→ J Endod. 1977 Jul;3(7):274–6.
In addition, lesions in cancellous bone cannot be consistently detected with these radiographic techniques.31Bender IB, Seltzer S. Roentgenographic and direct observation of experimental lesions in bone: II.
→ J Am Dent Assoc. 1961 Jun;62(6):708–16.
Therefore, in some cases, extensive bone resorption may be present even when there is no radiographic evidence of it.32Bender IB, Seltzer S. Roentgenographic and direct observation of experimental lesions in bone: II.
→ J Am Dent Assoc. 1961 Jun;62(6):708–16.
The appearance of the periapical tissue on a radiograph is influenced by the superimposition of anatomical structures and the variable nature of the overlying bone density and texture.33Gelfand M, Sunderman EJ, Goldman M. Reliability of radiographical interpretations.
→ J Endod. 1983 Feb;9(2):71–5.
34Lambrianidis T. Observer variations in radiographic evaluation of endodontic therapy.
→ Endod Dent Traumatol. 1985 Dec;1(6):235–41.
The limitations of periapical radiography have led to significant interest in CBCT.

Currently, the use of CBCT imaging has made it possible to visualize the related anatomical structures in 3-D with higher resolution. This has improved the overall diagnostic efficacy and made early diagnosis possible for some specific clinical situations.35Nair MK, Nair UP. Digital and advanced imaging in endodontics: a review.
→ J Endod. 2007 Jan;33(1):1–6.
36Patel S, Durack C, Abella F, Shemesh H, Roig M, Lemberg K. Cone beam computed tomography in endodontics—a review.
→ Int Endod J. 2015 Jan;48(1):3–15.
In endodontic practice, CBCT imaging with limited fields of view has been suggested for diagnosis in patients with contradictory or nonspecific clinical signs and symptoms.37Patel S, Durack C, Abella F, Shemesh H, Roig M, Lemberg K. Cone beam computed tomography in endodontics—a review.
→ Int Endod J. 2015 Jan;48(1):3–15.

Postsurgical excisional wound healing after periradicular surgery entails dentoalveolar healing (i.e., reestablishment of an apical attachment apparatus) and alveolar healing (i.e., osseous repair of trabecular and cortical bone).38Andreasen JO. Cementum repair after apicoectomy in humans.
→ Acta Odontol Scand. 1973 Oct;31(4):211–21.
Cementum deposition on the root end is considered the critical step in dentoalveolar wound healing.39Andreasen JO. Cementum repair after apicoectomy in humans.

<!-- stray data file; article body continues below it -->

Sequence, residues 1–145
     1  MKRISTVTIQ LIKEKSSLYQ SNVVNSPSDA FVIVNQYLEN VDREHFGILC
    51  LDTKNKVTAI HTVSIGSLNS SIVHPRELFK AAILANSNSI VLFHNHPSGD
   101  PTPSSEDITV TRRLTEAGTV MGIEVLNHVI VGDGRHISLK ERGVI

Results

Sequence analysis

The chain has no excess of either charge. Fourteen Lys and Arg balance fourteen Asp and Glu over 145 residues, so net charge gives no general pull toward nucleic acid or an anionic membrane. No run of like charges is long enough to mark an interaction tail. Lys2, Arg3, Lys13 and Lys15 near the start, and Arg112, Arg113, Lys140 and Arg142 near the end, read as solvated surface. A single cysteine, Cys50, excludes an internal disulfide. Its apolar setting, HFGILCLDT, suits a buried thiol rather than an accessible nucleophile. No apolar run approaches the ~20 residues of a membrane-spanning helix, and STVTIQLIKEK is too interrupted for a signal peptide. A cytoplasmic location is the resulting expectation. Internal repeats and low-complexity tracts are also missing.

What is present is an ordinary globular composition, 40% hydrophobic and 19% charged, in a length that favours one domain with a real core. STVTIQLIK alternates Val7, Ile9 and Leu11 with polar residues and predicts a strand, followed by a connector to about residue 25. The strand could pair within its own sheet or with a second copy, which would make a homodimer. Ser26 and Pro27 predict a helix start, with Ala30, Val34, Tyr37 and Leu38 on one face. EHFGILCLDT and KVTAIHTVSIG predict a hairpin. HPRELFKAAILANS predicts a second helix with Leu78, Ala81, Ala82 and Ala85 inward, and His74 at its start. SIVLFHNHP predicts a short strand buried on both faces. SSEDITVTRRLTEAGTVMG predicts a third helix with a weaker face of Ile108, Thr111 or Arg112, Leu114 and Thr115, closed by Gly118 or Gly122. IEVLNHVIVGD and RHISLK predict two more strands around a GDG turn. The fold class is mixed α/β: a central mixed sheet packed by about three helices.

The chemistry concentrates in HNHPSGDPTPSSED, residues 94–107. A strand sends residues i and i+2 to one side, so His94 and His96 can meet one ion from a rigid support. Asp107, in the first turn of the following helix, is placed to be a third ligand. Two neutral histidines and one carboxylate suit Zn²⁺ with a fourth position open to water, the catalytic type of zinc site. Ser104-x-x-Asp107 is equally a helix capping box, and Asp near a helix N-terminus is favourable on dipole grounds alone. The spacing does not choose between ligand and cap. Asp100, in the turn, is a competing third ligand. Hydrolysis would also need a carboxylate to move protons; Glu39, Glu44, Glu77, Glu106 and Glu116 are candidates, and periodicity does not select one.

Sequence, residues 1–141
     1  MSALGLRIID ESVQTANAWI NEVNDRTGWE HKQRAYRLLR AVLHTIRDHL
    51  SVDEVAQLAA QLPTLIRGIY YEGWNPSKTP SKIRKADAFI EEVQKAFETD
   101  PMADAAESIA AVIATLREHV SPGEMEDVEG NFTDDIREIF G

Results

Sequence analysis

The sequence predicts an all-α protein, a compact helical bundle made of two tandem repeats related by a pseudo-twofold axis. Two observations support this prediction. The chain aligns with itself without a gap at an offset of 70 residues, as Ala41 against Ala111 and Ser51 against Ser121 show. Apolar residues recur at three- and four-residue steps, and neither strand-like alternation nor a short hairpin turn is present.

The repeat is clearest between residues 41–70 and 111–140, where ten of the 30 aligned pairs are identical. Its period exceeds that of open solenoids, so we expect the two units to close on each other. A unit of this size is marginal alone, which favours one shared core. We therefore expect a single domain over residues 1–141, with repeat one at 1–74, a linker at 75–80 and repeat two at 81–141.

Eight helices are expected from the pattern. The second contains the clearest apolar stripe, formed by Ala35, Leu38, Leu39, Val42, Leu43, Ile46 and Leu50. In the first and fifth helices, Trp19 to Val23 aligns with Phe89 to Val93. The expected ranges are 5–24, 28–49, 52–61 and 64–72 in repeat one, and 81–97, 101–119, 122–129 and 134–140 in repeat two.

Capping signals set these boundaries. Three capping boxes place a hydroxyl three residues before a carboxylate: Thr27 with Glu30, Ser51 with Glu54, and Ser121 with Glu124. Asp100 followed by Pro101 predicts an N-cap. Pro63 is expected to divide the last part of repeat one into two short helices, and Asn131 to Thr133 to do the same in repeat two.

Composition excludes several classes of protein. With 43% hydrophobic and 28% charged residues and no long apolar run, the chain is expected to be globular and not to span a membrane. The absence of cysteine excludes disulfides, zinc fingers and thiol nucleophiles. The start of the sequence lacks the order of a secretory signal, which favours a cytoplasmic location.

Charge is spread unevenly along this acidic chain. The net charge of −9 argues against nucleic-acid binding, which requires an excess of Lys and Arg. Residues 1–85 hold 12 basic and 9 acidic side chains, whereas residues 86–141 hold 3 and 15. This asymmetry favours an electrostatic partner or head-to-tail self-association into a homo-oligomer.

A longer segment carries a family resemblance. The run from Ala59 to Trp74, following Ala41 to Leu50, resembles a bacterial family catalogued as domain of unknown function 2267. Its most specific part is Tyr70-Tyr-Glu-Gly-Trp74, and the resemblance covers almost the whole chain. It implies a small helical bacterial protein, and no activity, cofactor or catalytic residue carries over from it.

→ Acta Odontol Scand. 1973 Oct;31(4):211–21.
Consequently, creating an environment conducive to cementogenesis should enhance the healing process after surgical endodontic treatment.

In periodontal surgery, dentin demineralization leads to enhanced connective tissue attachment through splicing of exposed dentinal collagen with new collagen fibers produced during wound healing and early deposition of cementum on the dentinal surfaces.40Craig KR, Harrison JW. Wound healing following demineralization of resected root ends in periradicular surgery.
→ J Endod. 1993 Jul;19(7):339–47.

Demineralizing the root surface with citric acid has been shown to increase cementogenesis and promote periradicular wound healing by exposing the collagen matrix, which stimulates fibroblast attachment and growth.41Craig KR, Harrison JW. Wound healing following demineralization of resected root ends in periradicular surgery.
→ J Endod. 1993 Jul;19(7):339–47.
The lower pH of citric acid may induce initially a more intense inflammatory response compared with saline. This may inhibit the healing process as measured by new bone formation. As healing progresses, the potential benefits of the anticollagenase activity may allow for more rapid collagen formation and ultimately allow more rapid new bone formation.42Davis JL, Jeansonne BG, Davenport WD, Gardiner D. The effect of irrigation with doxycycline or citric acid on leakage and osseous wound healing.
→ J Endod. 2003 Jan;29(1):31–5.

The irrigation is conducted with EndoVac, as the EndoVac System safely delivers irrigants to the apical terminus of root canals.43Miller TA, Baumgartner JC. Comparison of the antimicrobial efficacy of irrigation using the EndoVac to endodontic needle delivery.
→ J Endod. 2010 Mar;36(3):509–11.
The device consists of a delivery/evacuation tip attached to a syringe of irrigant and the high-volume suction of the dental chair. Using a combination of a macro- or microcannula attached to the suction device, the irrigant introduced into the pulp chamber is pulled by negative pressure down the canal into the tip of the cannula and removed through the suction hose, thus avoiding any extrusion of the irrigant outside the root canal area, since the PDL barrier is lost then and the use of conventional irrigating methods could result in pushing the chemicals into the exposed surgical site.44Miller TA, Baumgartner JC. Comparison of the antimicrobial efficacy of irrigation using the EndoVac to endodontic needle delivery.
→ J Endod. 2010 Mar;36(3):509–11.

Case descriptions

Case 1

The patient was referred to the clinic with a swelling in the palatal area of the maxillary lateral incisor (Figs. 1a & b). Axial slices of CBCT cans showed substantial bone loss at the apical level of the maxillary lateral incisor (Fig. 1c) and at the level of the two maxillary central incisors (Fig. 1d).

Fig. 1a & b
Preoperative periapical and panoramic radiographs.